2. Explain any five of these chess tactics: clearance sacrifice, decoy, discovered attack, double attack, fork, interposing, overloading, overprotecting, pin, remove the defender, skewer, zwischenzug.
  3. Set up a chessboard with the white king on e1, the white rooks on a1 and h1, and the black king on e5. With White to move first, demonstrate how to force checkmate on the black king.
  4. Set up and solve five direct-mate problems provided by your merit badge counselor.

Requirement 5 Helps and Answers

Exploiting Weaknesses

A weakness is simply a flaw in a position that we can exploit. These weaknesses can be anything from an open line to poor piece placement to overworked pieces. Depending on what stage we are at in the game we will see different weaknesses in our opponent.

Forcing Moves

A forcing move is one which requires the opponent to reply in a certain way, or which greatly limits the ways in which he can respond. Essentially, a forcing move is either a check, a capture, or a threat.

Space and Attack

Space is “control of squares”. So a player with a “space advantage” is one who controls a greater number of squares. If one side controls more of the board, the other side’s pieces are cramped and trip over each other.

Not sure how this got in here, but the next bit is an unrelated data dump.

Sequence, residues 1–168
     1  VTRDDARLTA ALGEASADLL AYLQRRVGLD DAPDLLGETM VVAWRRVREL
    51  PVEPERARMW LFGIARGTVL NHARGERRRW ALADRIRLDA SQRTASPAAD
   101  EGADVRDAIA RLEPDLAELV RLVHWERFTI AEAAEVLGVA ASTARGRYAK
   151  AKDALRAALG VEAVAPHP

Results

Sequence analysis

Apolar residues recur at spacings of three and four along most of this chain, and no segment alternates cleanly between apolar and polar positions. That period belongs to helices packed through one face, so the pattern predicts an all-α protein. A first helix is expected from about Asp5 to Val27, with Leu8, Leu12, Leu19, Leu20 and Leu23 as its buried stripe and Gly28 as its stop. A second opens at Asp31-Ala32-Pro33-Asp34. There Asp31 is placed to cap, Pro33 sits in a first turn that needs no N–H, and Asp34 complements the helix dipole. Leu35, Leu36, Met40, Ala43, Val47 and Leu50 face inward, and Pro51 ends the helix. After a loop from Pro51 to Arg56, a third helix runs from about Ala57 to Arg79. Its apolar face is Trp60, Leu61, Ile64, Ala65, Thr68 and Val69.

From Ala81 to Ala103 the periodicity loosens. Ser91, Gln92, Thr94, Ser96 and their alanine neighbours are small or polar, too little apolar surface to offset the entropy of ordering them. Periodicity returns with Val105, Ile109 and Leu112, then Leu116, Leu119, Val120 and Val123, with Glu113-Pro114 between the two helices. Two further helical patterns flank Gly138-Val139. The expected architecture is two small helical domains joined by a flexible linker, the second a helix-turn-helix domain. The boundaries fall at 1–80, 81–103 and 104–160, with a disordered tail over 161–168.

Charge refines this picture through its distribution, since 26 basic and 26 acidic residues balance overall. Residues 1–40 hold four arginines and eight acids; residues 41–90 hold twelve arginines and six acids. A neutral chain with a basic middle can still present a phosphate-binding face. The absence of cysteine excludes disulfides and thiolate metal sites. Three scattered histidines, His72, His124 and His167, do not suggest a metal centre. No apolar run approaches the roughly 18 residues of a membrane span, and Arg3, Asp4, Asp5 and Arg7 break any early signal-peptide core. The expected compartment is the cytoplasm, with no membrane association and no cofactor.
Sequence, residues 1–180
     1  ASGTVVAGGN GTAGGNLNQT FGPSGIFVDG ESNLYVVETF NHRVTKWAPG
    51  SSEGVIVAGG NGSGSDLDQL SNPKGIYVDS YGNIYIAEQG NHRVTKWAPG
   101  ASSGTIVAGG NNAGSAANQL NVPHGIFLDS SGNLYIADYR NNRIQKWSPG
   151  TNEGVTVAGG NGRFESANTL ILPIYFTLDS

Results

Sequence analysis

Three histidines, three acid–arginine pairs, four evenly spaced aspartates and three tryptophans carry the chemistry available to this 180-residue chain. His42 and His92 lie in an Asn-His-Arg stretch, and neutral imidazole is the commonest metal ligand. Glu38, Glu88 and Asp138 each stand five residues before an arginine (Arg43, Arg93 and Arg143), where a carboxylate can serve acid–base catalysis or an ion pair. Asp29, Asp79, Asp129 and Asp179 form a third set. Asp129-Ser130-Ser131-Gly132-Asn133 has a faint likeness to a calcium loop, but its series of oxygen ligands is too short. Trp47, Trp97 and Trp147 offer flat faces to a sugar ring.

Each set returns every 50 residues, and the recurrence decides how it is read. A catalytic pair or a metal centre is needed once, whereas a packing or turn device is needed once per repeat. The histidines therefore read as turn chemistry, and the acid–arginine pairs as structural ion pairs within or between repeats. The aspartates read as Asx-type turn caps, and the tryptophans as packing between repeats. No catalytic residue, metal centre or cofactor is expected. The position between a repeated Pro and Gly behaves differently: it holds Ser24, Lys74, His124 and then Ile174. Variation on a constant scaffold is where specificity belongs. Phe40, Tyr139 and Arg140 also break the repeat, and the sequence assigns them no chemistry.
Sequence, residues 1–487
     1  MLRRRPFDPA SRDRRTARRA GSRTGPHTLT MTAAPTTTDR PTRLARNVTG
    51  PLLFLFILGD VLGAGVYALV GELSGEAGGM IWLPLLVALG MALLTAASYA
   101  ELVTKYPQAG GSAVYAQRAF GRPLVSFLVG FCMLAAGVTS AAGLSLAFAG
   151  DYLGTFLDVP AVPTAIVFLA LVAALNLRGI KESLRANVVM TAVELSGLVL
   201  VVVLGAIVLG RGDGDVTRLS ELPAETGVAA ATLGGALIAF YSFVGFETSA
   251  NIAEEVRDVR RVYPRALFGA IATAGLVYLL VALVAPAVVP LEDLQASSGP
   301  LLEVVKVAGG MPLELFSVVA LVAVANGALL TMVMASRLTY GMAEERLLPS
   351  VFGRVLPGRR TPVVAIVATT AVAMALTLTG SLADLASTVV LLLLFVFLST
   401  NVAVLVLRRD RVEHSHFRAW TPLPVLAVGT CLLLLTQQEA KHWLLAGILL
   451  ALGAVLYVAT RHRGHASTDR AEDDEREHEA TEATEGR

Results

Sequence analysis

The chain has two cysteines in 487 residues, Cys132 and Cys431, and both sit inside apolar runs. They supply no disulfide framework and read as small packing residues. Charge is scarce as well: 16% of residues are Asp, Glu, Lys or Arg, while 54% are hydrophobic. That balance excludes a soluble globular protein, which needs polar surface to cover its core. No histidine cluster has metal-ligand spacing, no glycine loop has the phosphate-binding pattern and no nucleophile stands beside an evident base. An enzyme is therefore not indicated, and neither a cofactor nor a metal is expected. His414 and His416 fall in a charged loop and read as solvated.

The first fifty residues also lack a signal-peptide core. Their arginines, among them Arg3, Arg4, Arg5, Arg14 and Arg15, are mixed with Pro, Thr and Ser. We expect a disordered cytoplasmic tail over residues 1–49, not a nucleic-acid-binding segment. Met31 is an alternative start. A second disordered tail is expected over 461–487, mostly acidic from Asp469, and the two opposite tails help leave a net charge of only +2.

The time is for each move. It can be anywhere from a few minutes to a day or more. So 1 day to move would mean you have 24 hours to make your move, and after your opponent replies, you have another 24 hours to make your next move, etc.

Pawn Structure

In chess, the pawn structure (sometimes known as the pawn skeleton) is the configuration of pawns on the chessboard. Because pawns are the least mobile of the chess pieces, the pawn structure is relatively static and thus largely determines the strategic aspect of the position.


Interposing is a way to block a check. An interposing move would be one in which a player moves a piece between their king and the opponent’s piece which has placed the king in check.


Overprotection refers to a strategically important pawn or square that is given more protection than it seemingly needs. Essentially a prophylactic maneuver, the side that overprotects does so in order to dissuade the opponent from launching an attack against that point.